Opportunities in sight from the top of the LIC cycle

Geoff Wilson AO

Wilson Asset Management

The Australian LIC industry is almost 100 years old and it has experienced many cycles since Whitefield Limited was first incorporated in 1923. The current environment for LICs provides patient and discerning investors with significant opportunities. In 2002, I welcomed a “golden decade” which has extended to almost two decades and 122 LICs and listed investment trusts (LITs) have listed on the ASX during this period.

Evidence that we were approaching the “top” in this cycle included investment managers absorbing listing fees, options ceasing to be attached to initial public offering (IPO) shares and investment managers attaching additional incentives to encourage uptake in new IPO capital raisings. We have seen these “innovations” before.

Notably, during this cycle, fund managers without expertise in managing LICs have chosen to adopt the structure in large numbers. Some have chosen to utilise the closed-end nature of a LIC structure under the false belief that it is “permanent capital”. It is not. Many investment managers have learnt this the hard way as they have either performed poorly over a long period or treated shareholders without their due respect as owners of the LIC, such as conducting capital raisings at a discount to the company’s NTA or by failing to engage with shareholders.

Taking the emotion out of investment decisions

I have been passionate about the LIC structure since reading a mid-nineties Morgan Stanley report that found closed-end funds outperformed open-end funds over a 50-year period. The logic is clear, open-end funds buy and sell in line with investors’ inflows and outflows and this leads to buying when asset prices are high and selling when they are low. Investment managers of a LIC do not face this dynamic and they are able to invest according to their investment process rather than fluctuations in sentiment.

In addition, LICs also have the ability to smooth and grow dividends paid over time and distribute franking credits which can be beneficial to shareholders. Open-end funds like unit trusts must distribute all profits each year, so income is unpredictable.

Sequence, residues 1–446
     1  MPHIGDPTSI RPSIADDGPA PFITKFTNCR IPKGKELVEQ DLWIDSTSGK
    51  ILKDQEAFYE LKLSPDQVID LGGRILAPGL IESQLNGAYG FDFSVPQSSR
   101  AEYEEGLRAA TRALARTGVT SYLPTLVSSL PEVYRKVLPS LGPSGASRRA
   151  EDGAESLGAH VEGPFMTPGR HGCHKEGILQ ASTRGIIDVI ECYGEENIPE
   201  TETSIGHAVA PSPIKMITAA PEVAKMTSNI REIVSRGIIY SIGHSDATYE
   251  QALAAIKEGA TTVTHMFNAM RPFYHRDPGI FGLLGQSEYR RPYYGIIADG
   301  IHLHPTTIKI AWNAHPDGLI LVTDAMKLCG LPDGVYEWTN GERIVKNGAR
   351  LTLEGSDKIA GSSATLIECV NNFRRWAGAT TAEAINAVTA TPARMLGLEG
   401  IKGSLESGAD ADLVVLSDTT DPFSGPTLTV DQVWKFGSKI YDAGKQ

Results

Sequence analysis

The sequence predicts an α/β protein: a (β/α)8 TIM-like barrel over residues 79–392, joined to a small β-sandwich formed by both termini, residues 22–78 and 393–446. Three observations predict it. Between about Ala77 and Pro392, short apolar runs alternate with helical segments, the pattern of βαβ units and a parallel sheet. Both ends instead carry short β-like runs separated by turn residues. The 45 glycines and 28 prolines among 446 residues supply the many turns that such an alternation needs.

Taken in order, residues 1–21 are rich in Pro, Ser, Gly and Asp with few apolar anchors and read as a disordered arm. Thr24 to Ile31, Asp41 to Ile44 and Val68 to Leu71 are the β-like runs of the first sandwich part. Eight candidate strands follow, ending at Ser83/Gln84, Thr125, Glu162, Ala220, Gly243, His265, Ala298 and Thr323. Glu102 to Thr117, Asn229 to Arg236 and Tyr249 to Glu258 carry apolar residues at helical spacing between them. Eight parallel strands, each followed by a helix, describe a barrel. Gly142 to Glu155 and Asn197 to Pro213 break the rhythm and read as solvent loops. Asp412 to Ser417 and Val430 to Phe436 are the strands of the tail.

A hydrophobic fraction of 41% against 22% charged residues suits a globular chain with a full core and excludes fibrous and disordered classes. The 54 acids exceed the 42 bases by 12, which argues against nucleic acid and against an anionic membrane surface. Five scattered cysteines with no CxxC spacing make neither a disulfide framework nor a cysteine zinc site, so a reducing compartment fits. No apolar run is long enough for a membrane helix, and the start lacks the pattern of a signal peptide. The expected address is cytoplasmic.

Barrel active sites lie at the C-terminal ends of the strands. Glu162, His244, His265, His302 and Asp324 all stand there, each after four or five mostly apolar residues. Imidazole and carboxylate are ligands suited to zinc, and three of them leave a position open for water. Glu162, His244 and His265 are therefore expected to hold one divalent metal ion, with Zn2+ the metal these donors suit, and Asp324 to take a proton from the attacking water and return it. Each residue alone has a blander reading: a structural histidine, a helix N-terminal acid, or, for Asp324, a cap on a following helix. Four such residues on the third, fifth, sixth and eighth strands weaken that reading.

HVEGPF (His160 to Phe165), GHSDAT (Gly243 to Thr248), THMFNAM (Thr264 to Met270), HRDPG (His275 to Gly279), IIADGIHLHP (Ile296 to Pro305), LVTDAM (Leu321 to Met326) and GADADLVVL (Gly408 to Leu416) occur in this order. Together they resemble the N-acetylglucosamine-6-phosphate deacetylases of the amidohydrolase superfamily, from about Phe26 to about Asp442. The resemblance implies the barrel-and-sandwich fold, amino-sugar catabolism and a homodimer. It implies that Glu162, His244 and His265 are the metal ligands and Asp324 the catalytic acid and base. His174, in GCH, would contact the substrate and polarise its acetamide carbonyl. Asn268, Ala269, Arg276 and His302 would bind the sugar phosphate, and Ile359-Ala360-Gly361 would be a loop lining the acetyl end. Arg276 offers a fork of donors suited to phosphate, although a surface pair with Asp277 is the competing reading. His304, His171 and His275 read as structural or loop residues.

Buying a dollar for 80 cents

As an investor who is focused on value, I also love the fact that LICs can offer investors the opportunity to invest $1 of assets for 80c and sell $1 of assets for $1.20, as the shares can trade at different values to the reported NTA. Discount opportunities can be realised through events such as a return of capital following a wind-up, or closure of the share price discount over time, as the investment manager or Board of Directors takes action.

I have taken advantage of countless opportunities like these over four decades as a professional investor, Premium Investors, Wealth Defender Equities and Century Australia Investments are just a few examples. The industry cycle plays an important part in these opportunities.

"The average premium/discount across the LIC sector is currently -10.1%. Many of the LICs trading at discounts will cease to exist in coming years and others will see their fortunes reversed. Investors who see the opportunity will be able to benefit as this plays out."

3 measures of performance

The nuances of reporting LIC performance have evaded some newer industry participants and observers. Unlike a managed fund, which can be redeemed at the available unit price, LIC share prices are dictated by the market. Due to this fact, and additional complexities arising from structural differences between trusts and companies, we believe there are three important measures of performance that LIC investors need to assess. These are:

  1. performance of the investment portfolio versus performance of the benchmark;
  2. growth in NTA per share and fully franked dividends; and
  3. total shareholder return.

The first enables a shareholder to assess whether an active manager can outperform on a like-for-like basis with the benchmark, before expenses, fees and taxes.

The second demonstrates the value of that portfolio performance after fees, expenses and taxes and quantifies the impact of capital management decisions (for example, dividends paid, options exercised, new shares issued at a premium or discount to NTA) under the direction of the LIC’s Board of Directors, which can increase or decrease the value of a LIC's NTA separate to the performance of the investment portfolio. The franking credits generated by corporate tax payments, which reduce a LIC's pre-tax NTA when the cash outflow is paid, are available for distribution to shareholders through fully franked dividends.

Finally, total shareholder return measures the tangible value gained by the shareholding measured by dividend income and share price growth. This measure does not value the potential benefit of franking credits distributed to shareholders through fully franked dividends unless it is reported as a ‘grossed up’ figure - we provide this measure to shareholders without the benefit of franking credits distributed.

Every six months Wilson Asset Management  provide these three measures of performance together and with context. The ASX recently adopted our method of reporting the reconciliation of the growth in NTA as the industry standard, requiring LICs to report this measure in their annual reports.

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Geoff Wilson AO
Chairman & Chief Investment Officer
Wilson Asset Management

Geoff Wilson AO is Founder, Chairman and Chief Investment Officer of Wilson Asset Management and has over 41 years’ experience in investment markets. Geoff founded Wilson Asset Management in 1997.

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